So far, [Graham] has printed the engine, injector, and igniter, all for the purpose of shoving oxygen and ethanol into the combustion chamber, lighting it, and marveling at the Mach cones. You can see a video of that below, but there’s also a few incredible resources on GitHub, the Fubar Labs wiki, and a bunch of pictures and test results here.

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DIY 250 lb thrust Liquid Oxygen/Kerosene Rocket

Robert’s Rocket Project has been going on for a long time. It has been around so long that you can go all the way back to posts from 2001, where he talks about getting his first digital camera! The site is dedicated to his pursuit of liquid fueled rocket engine building. It’s a great project log and he has finally come to the point where he will be testing his first flight vehicle soon.

His latest project is a 250lbf regeneratively cooled engine. It uses kerosene as the fuel, and liquid oxygen as the oxidizer. The neat thing is he utilizes the temperature change of the liquid oxygen expanding to cool the chamber and nozzle before being burned. This allows for a very efficient and powerful combustion of the fuel. He has some videos of testing it on his site, we just wonder why he doesn’t host them on YouTube or something…

Anyhow, there’s more than enough info on his site to try and recreate some of his experiments, but perhaps you should start here instead: How to Design, Build and Test Small Liquid-Fuel Rocket Engines.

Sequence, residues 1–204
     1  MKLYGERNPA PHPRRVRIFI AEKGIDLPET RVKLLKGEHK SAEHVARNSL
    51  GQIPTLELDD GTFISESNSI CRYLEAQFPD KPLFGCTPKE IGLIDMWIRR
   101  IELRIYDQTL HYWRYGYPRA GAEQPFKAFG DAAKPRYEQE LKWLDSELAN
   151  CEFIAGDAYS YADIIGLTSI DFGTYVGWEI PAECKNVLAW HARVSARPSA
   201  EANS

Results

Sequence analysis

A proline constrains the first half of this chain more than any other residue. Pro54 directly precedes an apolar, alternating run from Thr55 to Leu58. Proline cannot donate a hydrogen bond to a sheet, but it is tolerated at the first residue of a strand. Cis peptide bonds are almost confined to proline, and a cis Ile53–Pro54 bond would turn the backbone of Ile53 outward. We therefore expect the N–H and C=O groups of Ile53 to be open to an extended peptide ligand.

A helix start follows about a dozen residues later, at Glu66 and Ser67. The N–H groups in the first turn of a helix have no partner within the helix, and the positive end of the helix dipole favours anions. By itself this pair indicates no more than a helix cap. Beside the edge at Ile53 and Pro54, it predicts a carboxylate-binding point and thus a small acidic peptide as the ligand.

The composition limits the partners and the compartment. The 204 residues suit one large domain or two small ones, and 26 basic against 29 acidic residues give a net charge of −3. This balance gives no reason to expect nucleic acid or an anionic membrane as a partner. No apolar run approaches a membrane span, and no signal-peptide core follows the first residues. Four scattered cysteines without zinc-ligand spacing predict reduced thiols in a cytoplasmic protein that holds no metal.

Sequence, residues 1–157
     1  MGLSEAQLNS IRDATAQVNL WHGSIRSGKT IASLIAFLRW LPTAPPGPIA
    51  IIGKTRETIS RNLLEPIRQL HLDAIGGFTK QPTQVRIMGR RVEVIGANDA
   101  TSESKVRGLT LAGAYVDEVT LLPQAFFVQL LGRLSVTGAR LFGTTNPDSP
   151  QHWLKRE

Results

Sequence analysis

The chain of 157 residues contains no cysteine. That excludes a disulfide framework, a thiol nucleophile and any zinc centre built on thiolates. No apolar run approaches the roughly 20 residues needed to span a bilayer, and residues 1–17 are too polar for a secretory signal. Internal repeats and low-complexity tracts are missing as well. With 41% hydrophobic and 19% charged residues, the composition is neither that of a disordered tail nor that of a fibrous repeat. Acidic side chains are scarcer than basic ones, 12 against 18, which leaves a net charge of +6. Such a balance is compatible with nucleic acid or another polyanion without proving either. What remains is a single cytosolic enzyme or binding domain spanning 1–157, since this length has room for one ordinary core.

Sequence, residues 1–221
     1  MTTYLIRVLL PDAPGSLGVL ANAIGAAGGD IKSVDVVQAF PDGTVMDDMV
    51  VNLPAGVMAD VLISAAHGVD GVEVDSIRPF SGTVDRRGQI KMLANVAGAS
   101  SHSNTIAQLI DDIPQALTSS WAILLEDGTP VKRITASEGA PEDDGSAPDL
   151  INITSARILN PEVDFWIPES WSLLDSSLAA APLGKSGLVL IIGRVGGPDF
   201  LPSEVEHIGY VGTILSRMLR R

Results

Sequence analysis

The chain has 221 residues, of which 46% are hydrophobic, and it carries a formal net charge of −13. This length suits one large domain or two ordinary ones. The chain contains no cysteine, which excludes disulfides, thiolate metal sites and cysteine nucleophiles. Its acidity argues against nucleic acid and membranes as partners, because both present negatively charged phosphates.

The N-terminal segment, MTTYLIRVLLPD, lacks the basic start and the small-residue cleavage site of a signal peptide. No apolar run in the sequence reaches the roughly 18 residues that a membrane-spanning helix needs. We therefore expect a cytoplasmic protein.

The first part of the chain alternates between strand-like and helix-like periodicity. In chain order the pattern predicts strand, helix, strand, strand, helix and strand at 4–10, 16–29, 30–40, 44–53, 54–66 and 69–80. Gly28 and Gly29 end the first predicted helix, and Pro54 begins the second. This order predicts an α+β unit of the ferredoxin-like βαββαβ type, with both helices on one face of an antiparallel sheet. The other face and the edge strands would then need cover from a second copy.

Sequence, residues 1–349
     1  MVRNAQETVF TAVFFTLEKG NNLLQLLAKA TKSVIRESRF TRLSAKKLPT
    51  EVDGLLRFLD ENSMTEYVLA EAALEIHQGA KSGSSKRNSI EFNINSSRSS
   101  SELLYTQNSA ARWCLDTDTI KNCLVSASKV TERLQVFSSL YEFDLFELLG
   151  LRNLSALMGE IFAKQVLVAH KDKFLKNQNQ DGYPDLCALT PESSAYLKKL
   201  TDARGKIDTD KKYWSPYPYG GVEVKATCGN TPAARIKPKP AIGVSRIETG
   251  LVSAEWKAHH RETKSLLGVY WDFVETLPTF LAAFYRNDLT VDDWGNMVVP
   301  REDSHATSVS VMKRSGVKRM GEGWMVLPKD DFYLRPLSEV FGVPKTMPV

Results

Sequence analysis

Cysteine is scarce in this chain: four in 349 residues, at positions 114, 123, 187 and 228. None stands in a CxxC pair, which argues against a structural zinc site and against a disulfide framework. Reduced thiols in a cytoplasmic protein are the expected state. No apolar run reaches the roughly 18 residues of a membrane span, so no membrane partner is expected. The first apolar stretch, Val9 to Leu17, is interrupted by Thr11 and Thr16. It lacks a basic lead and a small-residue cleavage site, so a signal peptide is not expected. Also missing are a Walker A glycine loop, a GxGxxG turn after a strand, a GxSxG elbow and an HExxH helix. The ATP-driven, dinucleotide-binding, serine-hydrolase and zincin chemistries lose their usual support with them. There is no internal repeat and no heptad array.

[Thanks Ray!]

FUBAR Labs builds a rocket engine

engine

[Graham] over at FUBAR labs took it upon himself to build a rocket engine. This isn’t a simple solid-fuel motor, though: [Graham] went all out and built a liquid-fueled engine that is ignited with a spark plug.

The build started off with a very small ‘igniter’ engine meant to shoot sparks into a larger engine. This engine is fueled with ethanol and air – not the best fuel for a rocket engine by a long shot but save and cheap enough to do a few serious experiments with.

To test out this small engine, [Graham] made a test platform out of aluminum extrusion to remotely control the fuel and oxidizer valves. The valves are controlled by an Arduino and XBee for remote operation and a telemetry downlink for measuring the fluid flow into the engine.

After he had some experience with pressure, plumbing, valves, and engines, [Graham] upgraded his fuel and oxidizer to gaseous oxygen and ethanol. With proper safety protocol in place, [Graham] was able to a series of three 3-second burns less than a minute apart as well as a single burn lasting nearly 5 seconds.

Even though [Graham] eschewed the usual stainless steel construction of rocket engines (his engine is milled out of aluminum), he demonstrated it is possible to build a real liquid-fueled rocket engine at home.